The company’s patented integrated high-speed wing segmenting performs with high accuracy and delivers anatomical quality cuts, which are achieved by positioning each wing sequentially and independently for precise cuts.
Additionally, Baader’s integrated Thigh Filleting System can debone 232 thighs a minute without removing the legs from the shackle. The system processes left and right legs simultaneously and the thigh meat can be skinless or skin on.
“We continuously work to improve the performance and reliability of existing technologies and to expand functionality with new technologies such as wing segmenting and thigh filleting,” Hahn says. “Adding intelligence, such as vision and weighing technology, within the cut-up line has provided greater flexibility, more control, higher quality and increased throughput.”
Marel’s new Q-Wing system consists of IRIS vision systems controlled by dedicated Q-Wing software, the necessary conveyor systems for keeping automatically graded wing parts separate, bulk packing stations and a rework area for the possible upgrade of product downgraded by the system.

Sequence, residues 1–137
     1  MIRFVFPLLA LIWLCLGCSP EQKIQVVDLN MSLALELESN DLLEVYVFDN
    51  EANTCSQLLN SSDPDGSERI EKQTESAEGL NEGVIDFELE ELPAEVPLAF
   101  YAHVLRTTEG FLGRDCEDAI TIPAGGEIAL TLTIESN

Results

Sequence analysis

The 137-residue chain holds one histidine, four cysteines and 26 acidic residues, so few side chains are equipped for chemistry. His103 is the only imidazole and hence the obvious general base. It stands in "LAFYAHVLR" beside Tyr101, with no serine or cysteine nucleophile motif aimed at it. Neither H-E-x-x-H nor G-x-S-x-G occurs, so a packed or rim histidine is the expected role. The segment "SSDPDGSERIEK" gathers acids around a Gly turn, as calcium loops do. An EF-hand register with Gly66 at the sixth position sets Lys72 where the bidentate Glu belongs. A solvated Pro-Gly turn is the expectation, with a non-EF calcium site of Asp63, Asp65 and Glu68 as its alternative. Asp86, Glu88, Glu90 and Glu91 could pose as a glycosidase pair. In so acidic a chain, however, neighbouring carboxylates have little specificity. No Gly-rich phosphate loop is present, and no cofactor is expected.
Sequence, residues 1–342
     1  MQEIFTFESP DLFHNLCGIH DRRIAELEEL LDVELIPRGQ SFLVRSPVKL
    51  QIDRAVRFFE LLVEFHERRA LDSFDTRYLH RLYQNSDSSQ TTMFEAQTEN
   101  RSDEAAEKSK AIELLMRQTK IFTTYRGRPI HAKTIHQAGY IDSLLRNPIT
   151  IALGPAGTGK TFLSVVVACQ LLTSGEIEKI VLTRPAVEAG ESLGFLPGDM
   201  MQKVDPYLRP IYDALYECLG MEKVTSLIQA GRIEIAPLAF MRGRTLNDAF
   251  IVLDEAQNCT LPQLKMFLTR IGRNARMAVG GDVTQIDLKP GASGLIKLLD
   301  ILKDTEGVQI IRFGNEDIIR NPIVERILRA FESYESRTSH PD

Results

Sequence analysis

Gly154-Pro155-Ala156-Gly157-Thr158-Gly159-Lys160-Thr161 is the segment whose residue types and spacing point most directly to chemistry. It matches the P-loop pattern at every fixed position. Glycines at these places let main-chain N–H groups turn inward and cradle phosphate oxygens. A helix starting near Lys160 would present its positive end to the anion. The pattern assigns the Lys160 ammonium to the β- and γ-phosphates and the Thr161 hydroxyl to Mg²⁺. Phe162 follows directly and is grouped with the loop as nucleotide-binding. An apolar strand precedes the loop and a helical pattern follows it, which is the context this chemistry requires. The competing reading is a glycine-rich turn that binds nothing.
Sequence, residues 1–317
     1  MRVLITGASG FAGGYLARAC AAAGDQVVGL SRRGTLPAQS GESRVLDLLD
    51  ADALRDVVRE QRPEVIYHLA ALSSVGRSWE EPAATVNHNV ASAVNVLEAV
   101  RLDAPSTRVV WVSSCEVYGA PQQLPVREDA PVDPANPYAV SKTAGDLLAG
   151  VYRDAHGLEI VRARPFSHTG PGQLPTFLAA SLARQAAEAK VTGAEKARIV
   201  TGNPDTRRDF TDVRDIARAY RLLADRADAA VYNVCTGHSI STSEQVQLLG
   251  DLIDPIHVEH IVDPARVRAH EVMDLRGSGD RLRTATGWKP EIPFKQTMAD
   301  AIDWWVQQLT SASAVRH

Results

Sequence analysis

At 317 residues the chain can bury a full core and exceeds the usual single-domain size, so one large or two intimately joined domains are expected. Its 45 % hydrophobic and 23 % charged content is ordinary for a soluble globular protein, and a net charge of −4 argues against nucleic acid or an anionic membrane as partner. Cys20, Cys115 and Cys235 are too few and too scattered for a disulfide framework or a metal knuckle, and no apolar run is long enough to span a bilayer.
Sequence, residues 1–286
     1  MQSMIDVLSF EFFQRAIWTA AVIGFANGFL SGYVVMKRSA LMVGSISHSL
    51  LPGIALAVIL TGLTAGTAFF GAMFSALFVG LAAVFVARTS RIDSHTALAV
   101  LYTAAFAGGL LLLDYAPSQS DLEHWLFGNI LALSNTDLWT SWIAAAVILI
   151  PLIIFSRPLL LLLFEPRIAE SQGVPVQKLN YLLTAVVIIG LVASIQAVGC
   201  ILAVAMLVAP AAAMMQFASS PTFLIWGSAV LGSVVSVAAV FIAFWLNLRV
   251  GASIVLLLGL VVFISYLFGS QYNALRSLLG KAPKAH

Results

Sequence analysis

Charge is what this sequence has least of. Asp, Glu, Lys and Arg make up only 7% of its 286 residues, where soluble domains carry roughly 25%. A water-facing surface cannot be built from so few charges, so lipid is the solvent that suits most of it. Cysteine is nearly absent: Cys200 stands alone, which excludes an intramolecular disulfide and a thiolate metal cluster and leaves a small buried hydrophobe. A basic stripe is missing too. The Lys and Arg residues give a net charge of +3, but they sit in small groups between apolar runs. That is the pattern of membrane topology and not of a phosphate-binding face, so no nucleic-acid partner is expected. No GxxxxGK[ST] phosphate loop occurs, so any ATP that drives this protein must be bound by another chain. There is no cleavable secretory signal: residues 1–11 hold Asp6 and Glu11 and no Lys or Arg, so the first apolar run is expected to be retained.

“With Q-Wing in place, processors can truly unlock their wing potential,” Driessen says. “They can now make the very best use of each and every wing or wing joint.”
Working to improve
At Meyn, more than 80 people are consistently working in its R&D department to better optimize the equipment – both with new development and innovation within the existing portfolio.
“If you don’t keep developing and don’t continue to be cutting-edge, you’re going to slowly die,” Nolten says. “2020 will be an important year for us, and we believe we will be setting some new standards going forward.”
Driessen notes innovation is in Marel’s DNA, and while the company has been responsible for many firsts, the aim is to grow and prosper by staying ahead of the game.